With a goal of making assays bigger, better, and faster, multiplexing is gaining momentum as it tackles challenges in the research and diagnostics arenas. The latter market is projected to reach $6 billion by 2013, according to Scienion. Cutting-edge approaches in this rapidly expanding field include new technologies for biomarker development, reducing bias among platforms, improving instrumentation for delivering tiny volumes, and enhancing the rigor of statistical data evaluation.
Some multiplexing assays seek to identify disease-specific biomarkers. This can be a slow and painful process, according to Niro Ramachandran, Ph.D., R&D manager, protein technologies, Life Technologies.
“The only way to speed up biomarker development is to standardize the workflow. It is critical to find out quickly if the lead you are pursuing is valid or not. We have developed a hybrid method for doing this that allows evaluation of more than 50 potential biomarker leads within a three-month period.”
According to Dr. Ramachandran, the company recently developed an antigen-based Luminex assay that complements its ProtoArray® microarray platform. “By coupling these two assays we are enabling everyday scientists to evaluate hundreds to thousands of proteins. Many researchers are familiar with antibody-coated Luminex beads, but a problem with antibody-coated beads is that they can cross react. We prepared beads in the opposite orientation, for example, with the protein targets of antibodies.”
The Luminex xMAP technology itself consists of color-coded beads in 500 distinct sets. Each bead set can be coated with a reagent specific for an assay that subsequently allows capture and detection of analytes within a sample. The ProtoArray is a high-density microarray that contains more than 9,000 unique human proteins spotted onto a 1 inch by 3 inch nitrocellulose-coated glass slide.
“We performed studies that demonstrated how the two technologies in combination (and accessing broad content) could be employed to develop immune response signatures in systemic lupus erythematosus (SLE) and mesothelioma patients.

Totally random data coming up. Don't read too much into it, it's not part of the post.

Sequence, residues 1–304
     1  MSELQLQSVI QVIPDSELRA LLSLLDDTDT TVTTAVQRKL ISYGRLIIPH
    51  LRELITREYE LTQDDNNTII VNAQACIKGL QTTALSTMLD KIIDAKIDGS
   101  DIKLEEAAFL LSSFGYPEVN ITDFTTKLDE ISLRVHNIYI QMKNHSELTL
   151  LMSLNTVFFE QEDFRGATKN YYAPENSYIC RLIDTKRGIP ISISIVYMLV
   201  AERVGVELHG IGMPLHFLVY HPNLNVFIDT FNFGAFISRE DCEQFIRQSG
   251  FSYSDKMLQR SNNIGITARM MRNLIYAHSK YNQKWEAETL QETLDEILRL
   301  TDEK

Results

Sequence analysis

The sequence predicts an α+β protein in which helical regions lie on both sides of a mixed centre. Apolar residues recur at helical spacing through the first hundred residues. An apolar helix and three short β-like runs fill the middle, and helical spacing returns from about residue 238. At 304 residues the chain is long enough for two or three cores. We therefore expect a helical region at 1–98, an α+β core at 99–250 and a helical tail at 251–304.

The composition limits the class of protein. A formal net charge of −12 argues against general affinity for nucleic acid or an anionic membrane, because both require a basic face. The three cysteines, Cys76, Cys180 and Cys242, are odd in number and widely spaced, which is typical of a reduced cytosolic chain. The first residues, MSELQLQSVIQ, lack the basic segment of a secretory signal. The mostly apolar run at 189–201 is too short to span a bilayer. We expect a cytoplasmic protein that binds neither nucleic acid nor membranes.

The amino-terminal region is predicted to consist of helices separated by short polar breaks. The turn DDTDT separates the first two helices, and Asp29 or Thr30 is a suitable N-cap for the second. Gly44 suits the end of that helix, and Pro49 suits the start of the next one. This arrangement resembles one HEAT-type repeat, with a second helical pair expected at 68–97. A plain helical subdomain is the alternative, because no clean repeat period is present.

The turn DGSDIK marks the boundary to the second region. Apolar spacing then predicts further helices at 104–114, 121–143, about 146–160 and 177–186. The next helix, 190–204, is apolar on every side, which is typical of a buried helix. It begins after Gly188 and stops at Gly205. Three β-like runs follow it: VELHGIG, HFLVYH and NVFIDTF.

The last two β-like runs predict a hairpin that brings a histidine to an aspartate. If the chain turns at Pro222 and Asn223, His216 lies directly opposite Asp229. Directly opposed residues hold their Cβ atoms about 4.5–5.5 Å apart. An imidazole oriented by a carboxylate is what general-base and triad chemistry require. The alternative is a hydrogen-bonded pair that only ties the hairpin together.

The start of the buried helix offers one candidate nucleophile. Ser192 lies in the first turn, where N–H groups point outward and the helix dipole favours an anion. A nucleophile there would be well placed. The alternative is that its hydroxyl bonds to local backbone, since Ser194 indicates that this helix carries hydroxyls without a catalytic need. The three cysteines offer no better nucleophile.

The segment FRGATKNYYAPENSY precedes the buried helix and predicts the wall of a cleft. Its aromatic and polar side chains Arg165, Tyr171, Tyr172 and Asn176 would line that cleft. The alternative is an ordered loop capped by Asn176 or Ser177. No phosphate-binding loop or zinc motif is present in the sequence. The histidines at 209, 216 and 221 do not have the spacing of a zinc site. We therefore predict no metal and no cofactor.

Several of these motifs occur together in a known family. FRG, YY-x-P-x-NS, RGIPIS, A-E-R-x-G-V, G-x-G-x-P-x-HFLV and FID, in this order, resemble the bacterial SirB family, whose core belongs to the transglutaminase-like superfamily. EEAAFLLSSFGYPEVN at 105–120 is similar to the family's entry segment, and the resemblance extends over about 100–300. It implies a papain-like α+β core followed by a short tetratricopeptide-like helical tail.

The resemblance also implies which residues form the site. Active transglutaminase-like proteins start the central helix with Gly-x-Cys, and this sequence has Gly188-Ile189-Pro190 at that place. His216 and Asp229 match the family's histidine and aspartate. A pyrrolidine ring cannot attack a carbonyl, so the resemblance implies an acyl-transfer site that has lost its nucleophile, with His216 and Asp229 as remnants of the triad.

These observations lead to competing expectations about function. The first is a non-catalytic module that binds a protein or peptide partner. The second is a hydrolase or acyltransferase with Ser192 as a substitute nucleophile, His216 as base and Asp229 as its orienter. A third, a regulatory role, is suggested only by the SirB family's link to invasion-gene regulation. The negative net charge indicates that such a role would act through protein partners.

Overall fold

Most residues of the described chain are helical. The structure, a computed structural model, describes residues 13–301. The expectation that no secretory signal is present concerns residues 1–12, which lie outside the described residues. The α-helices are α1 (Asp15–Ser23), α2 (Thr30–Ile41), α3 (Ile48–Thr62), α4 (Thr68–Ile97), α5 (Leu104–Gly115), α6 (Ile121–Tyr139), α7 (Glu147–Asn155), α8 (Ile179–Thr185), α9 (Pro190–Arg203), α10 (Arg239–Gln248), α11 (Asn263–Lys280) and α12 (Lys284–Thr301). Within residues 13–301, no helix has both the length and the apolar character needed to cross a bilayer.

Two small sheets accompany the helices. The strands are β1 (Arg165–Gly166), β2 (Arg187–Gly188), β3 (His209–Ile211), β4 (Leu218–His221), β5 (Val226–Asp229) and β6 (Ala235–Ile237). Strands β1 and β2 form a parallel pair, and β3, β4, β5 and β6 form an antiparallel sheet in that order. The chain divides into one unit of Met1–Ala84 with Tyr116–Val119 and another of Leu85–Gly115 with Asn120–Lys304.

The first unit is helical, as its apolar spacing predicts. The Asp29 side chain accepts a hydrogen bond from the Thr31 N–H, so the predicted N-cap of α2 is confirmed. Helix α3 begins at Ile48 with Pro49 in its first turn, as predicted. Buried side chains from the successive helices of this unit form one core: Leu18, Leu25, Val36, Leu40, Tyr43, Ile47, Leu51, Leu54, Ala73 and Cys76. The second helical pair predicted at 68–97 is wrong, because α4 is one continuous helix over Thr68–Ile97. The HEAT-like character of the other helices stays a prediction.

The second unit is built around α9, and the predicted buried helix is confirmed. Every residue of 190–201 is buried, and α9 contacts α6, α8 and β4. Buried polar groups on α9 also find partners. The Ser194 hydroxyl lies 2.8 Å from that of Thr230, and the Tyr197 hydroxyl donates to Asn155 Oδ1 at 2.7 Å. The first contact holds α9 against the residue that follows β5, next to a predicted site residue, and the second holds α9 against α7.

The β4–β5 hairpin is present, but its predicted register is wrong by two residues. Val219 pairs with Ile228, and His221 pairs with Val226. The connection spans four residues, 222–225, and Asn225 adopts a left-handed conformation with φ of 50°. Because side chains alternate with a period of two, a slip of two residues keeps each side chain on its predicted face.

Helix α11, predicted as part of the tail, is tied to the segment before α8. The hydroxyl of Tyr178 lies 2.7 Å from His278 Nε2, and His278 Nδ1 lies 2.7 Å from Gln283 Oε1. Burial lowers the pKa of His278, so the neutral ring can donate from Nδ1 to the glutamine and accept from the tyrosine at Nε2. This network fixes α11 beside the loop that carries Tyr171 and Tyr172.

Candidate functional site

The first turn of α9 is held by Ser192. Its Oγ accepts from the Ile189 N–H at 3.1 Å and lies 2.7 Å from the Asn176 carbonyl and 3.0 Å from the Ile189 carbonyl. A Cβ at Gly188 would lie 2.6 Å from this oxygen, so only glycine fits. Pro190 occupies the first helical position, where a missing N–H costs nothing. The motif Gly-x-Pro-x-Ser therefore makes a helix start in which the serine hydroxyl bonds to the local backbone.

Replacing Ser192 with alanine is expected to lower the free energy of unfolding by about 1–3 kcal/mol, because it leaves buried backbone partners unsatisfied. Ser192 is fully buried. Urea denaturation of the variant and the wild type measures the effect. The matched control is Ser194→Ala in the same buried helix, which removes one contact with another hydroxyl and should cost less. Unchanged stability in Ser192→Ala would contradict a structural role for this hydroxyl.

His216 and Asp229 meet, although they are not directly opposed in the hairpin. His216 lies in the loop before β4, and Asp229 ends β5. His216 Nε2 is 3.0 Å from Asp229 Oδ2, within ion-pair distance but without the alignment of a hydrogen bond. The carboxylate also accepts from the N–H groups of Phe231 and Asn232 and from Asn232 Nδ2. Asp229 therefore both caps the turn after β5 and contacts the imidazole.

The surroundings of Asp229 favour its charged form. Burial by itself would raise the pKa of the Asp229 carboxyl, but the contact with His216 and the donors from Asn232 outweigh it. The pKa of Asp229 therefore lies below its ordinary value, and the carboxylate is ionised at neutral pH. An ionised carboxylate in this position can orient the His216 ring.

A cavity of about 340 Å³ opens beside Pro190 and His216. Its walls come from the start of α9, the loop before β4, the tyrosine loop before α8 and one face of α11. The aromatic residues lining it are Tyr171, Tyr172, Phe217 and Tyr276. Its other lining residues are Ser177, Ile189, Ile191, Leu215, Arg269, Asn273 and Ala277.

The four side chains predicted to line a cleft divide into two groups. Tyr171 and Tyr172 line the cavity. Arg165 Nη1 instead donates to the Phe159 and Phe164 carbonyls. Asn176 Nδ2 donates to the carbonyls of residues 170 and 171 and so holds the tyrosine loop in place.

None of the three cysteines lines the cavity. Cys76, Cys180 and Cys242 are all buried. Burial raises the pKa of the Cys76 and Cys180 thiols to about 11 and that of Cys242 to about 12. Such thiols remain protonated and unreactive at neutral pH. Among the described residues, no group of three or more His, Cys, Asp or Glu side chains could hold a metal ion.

“For the SLE study, serum samples of 40 SLE patients and 40 matched controls were evaluated on a ProtoArray. This yielded 200 possible markers that were further trimmed to 50 markers. We made proteins to the 50 markers and attached them to Luminex beads. We tested whether these markers were specific for SLE by also testing sera from other diseases such as multiple sclerosis and Crohn disease.
“In the end, we derived 20 markers that performed well and were specific for SLE. This is a great example of how to standardize workflow with high confidence results.”
Although it is possible to utilize several multiplexing platforms to develop and validate biomarkers, a critical factor is how much bias is contained within each platform. “You can lose a lot of time developing biomarkers on several platforms each of which has bias. This compounds the problems and may lead to false positives. We spent a lot of time evaluating this issue and determined that these two platforms nicely complement each other while greatly reducing bias.”
Protein microarrays can also be coated with capture antibodies. LightArray Biotech Research Center uses a 2,470 microarray printing system and can reportedly have up to 16 capture antibodies printed in each well of 96 or 384 plates with strict assay validation to ensure no cross reactivity. The company’s system employs a cool CCD imager and its SignaturePLUS and ProArray analysis software specially designed for chemiluminescent assays. “With this system we are able to provide the quantified protein concentration with a sensitivity averaging 0.1 pg/mL to 1 pg/mL.”